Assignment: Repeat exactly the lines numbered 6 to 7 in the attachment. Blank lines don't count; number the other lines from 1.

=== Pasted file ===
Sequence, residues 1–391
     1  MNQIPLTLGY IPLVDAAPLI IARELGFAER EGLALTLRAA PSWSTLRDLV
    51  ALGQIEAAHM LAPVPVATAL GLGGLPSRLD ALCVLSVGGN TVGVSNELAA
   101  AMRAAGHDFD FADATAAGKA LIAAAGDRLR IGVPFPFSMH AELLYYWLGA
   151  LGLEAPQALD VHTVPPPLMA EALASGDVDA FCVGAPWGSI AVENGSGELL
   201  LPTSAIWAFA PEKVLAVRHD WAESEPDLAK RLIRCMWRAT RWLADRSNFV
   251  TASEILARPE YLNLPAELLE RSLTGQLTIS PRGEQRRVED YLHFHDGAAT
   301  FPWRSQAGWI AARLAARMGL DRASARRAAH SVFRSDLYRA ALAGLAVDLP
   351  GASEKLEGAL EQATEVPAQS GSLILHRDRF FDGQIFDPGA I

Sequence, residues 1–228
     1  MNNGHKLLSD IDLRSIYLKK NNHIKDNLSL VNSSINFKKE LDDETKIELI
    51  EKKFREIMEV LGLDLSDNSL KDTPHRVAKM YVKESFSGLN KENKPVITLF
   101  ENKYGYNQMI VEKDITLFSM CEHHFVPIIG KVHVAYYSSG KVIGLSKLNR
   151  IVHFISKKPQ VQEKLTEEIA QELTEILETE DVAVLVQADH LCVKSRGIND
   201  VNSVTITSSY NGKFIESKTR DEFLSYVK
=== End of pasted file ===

   201  LPTSAIWAFA PEKVLAVRHD WAESEPDLAK RLIRCMWRAT RWLADRSNFV
   251  TASEILARPE YLNLPAELLE RSLTGQLTIS PRGEQRRVED YLHFHDGAAT